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Society might develop synonyms for uterus such as womb or metra to portray it as a sacred space—but the uterus is fundamentally a corporeal entity, as one woman, Tonya, reported. In addition to fibroids, she also had adenomyosis: “It was like having a baby, birth pains, every month. I had some 800mg ibuprofen left from a dental procedure, and a Tylenol and that would stop the pain…” (The Centre for Innovative Gyn Care 2019). This excerpt from Tonya’s narrative offers a gynocritical lens to perceive the uterus as an organ, just like the liver or the kidney, which could be impaired. The concept of gynocriticism was coined by Elaine Showalter in her essay “Toward A Feminist Poetics” (1979, 131), which understands women as writers working to challenge patriarchal representation. Taking a gynocritical perspective might enable readers to see that when something is considered sacred, it is also assumed to be immune to abrasion and degeneration, something that can never undergo injuries, dysfunctionality, or damage. Tonya’s narrative demonstrates how patriarchal society valorizes the uterus as sacred within collective consciousness. Yet this patriarchal view does not take the corporeality and the materiality of uterus into consideration. Challenging the androcentric portrayal of uterus as a sacred, abstract concept, Tonya’s story emphasizes instead the need to accept the uterus as a woman’s biological property owned by her: “With one of my friends, I really had to talk to her about having a hysterectomy and my experience. She felt like she was giving up her womanhood…Even though I don’t have my cycle, I still have the emotions that come with it” (The Centre for Innovative Gyn Care 2019). Here, Tonya offers insight into how women who have undergone hysterectomy feel about their womanhood. Her comment exposes the cultural belief, consistent with the dominant patriarchal perspective, that hysterectomy is not a medical procedure required for women suffering from problems related to uterus, ovaries, and fallopian tube, but is rather an unwomaning procedure.

Through this gynocritical view, hysterectomy stories of women undergoing the procedure before their first pregnancy strengthen the revolt against equating womanhood with motherhood. In an article titled “I had a hysterectomy at 33. It was the best decision I’ve ever made,” Bonnie Bolden narrates the experience of a patient who had undergone hysterectomy, whose concern was to cure Polycystic Ovary Syndrome and endometriosis. “Procreation wasn’t a concern for me,” reported the patient (Bolden 2019).  This story casts new light on one way a woman might view her uterus, her wellbeing, and her identity. The patient doesn’t adhere her womanhood to motherhood, and her sole goal is to maintain her fitness. That is why she opts for hysterectomy before pregnancy.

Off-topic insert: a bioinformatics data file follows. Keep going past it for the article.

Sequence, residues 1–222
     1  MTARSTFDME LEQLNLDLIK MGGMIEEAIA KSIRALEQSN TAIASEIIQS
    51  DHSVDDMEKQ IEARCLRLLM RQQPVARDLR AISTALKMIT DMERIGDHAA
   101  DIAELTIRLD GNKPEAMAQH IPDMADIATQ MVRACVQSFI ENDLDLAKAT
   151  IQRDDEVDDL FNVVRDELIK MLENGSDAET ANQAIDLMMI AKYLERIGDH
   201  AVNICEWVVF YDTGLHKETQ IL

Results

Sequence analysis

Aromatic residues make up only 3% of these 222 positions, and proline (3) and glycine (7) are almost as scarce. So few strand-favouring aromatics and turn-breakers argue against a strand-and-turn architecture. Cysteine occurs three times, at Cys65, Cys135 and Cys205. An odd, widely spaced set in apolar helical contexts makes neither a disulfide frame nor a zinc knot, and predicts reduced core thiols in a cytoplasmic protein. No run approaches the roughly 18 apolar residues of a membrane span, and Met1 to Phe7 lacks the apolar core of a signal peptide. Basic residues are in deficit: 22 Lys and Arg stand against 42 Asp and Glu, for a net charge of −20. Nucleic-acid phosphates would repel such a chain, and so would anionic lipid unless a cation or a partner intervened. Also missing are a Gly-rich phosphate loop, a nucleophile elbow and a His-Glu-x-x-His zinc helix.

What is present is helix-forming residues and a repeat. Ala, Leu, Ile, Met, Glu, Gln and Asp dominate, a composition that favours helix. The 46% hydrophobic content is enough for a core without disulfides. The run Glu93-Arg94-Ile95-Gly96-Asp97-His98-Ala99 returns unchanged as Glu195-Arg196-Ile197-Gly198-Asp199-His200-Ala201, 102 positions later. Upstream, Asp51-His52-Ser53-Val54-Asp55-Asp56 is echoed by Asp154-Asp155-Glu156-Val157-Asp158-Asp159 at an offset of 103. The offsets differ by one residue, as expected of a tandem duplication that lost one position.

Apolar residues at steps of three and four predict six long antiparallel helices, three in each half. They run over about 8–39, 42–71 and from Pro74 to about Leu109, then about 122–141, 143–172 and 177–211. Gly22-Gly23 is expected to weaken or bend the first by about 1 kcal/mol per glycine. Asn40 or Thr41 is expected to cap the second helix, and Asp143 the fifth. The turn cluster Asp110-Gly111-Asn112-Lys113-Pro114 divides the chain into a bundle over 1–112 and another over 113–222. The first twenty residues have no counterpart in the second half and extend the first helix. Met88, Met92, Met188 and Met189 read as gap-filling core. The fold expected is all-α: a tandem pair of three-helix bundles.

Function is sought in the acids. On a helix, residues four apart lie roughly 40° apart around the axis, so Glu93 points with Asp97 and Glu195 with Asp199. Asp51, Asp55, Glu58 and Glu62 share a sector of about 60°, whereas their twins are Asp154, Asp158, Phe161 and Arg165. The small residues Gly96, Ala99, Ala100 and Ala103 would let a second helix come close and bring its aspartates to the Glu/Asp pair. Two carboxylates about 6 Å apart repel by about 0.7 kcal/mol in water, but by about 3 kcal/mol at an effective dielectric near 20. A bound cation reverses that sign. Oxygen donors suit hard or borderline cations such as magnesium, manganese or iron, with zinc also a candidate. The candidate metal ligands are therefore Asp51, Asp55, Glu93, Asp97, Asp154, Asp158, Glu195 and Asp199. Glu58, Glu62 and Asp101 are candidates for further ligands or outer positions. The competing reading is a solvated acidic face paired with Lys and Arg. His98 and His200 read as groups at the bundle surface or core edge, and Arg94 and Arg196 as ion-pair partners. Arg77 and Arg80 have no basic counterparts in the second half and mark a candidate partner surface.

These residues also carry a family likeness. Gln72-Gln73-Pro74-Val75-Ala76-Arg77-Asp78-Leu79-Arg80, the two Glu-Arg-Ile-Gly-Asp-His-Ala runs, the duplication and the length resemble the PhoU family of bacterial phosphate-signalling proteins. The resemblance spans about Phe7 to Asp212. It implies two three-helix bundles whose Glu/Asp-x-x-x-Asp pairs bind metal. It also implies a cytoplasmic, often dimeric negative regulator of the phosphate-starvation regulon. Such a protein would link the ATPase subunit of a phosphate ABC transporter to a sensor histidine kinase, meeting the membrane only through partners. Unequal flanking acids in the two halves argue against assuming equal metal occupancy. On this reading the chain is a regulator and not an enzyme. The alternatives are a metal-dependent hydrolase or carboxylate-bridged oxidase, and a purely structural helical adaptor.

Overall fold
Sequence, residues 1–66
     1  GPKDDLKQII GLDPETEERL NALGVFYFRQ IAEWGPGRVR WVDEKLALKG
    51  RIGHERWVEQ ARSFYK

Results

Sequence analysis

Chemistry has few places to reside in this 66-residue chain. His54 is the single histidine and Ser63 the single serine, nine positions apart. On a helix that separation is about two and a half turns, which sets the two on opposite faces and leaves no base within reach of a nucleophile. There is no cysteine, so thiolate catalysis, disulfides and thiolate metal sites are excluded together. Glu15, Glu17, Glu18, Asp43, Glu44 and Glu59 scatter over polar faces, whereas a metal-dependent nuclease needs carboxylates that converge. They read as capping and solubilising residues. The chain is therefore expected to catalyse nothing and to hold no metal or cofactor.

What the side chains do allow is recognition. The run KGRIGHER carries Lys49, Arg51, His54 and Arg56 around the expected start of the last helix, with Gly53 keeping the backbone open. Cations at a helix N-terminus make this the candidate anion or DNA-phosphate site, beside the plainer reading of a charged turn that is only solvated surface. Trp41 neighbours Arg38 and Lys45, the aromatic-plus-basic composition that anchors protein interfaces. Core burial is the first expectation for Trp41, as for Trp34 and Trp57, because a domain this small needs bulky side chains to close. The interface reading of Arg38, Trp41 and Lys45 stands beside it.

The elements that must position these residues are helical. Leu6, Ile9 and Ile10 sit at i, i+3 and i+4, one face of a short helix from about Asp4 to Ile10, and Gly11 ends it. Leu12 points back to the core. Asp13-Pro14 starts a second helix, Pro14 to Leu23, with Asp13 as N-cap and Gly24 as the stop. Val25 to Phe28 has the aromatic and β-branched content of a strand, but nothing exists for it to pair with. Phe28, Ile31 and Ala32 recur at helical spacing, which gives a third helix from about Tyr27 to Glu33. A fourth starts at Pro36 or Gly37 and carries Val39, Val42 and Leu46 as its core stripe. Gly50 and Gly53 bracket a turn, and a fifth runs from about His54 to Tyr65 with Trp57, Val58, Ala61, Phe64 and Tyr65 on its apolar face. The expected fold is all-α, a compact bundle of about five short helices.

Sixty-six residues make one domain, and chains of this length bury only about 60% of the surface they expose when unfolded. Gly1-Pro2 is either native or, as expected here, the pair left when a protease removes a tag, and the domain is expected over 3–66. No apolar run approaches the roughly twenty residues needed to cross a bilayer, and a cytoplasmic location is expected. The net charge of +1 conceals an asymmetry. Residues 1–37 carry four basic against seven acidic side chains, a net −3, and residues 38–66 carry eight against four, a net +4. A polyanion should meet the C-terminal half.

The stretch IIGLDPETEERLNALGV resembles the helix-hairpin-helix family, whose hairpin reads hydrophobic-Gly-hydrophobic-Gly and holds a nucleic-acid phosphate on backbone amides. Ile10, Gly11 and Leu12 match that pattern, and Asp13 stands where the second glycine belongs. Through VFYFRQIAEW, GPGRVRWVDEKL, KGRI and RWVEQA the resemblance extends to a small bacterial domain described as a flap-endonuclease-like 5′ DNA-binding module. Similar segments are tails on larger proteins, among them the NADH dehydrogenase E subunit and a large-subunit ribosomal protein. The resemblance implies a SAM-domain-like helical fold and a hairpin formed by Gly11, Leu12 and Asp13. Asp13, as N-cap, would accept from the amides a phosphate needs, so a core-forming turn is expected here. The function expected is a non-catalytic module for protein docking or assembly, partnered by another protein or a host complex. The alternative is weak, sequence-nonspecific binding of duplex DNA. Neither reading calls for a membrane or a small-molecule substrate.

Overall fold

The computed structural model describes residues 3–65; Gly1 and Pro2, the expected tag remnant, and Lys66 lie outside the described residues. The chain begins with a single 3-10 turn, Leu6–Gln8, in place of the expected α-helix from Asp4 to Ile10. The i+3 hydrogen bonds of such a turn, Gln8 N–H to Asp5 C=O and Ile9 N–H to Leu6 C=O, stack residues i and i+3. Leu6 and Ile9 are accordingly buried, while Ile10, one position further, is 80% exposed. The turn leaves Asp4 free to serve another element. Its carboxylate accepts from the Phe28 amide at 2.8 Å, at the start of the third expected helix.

Like Rococo’s uterus jewellery, women’s digital stories of hysterectomy have the strength to bring out the corporeality of the uterus, challenging the patriarchal view of the organ as a sacred ornament. Digital platforms, such as online shopping sites and health forums, have not only been helping female artists and patients to debunk several myths regarding hysterectomy, but they have also de-ornamentalized the organ, thereby initiating a cultural re-evaluation of the existing definitions of womb, woman, and womanhood at a global level.

Swati Joshi is a doctoral student pursuing Medical Humanities at Indian Institute of Technology Gandhinagar. Prior to joining IITGN, she was working as a Lecturer of English Literature at St. Xavier’s College Ahmedabad.

Works Cited

Armeli, Alicia. “Who Am I Without My Uterus? The Psychological, Social and Cultural Stigmas of Hysterectomy.” HUFFPOST. 20 Oct. 2016. Web. 15 May 2020.

Bolden, Bonnie. “I had a hysterectomy at 33. It was the best decision I’ve ever made.” New Star. 3 Jan. 2019. Web. 24 May 2020.

Derrida, Jacques. “The Pharmokon.” Dissemination. Trans. Barbara Johnson. London: The Athlone Press, 1981. 95-117. Print.

Fraser, Kennedy. Ornament and Silence: Essays on Women’s Lives From Edith Wharton to Germaine Greer. Toronto: Vintage Books, 1998. Print.

Harper, Douglas. Online Etymology Dictionary. Web. 20 May 2020.

Rococo, Ellen. ellenrococo. “With different designs…” Conversation with the author on Instagram, 28 May 2020.

Rosenbauer, Wallace. “The Function of Ornament.” College Art Journal 6.3 (1947): 222-225. JSTOR CAA Advancing Art and Design. Web. 22 May 2020.

Showalter, Elaine. ‘‘Toward a Feminist Poetics’’. The New Feminist Criticism: Essays on Women, Literature and Theory. Ed. Elaine Showalter. London: Virago, 1986. 125- 143. Print.

Wunder, Edward, ed. Sophocles’ Ajax. London: William and Norgate, 1864. Google Book Search. Web. 13 May 2020.

 “Tonya Got Her Life Back: CIGC Minimally Invasive Hysterectomy.” The Centre for Innovative Gyn Care. 2016. Web. 21 May 2020.

“Modern Art: The Uterus Necklaces by Ellen Rococo.” ILOBOYOU. 26 Apr. 2018. Web. 24 May 2020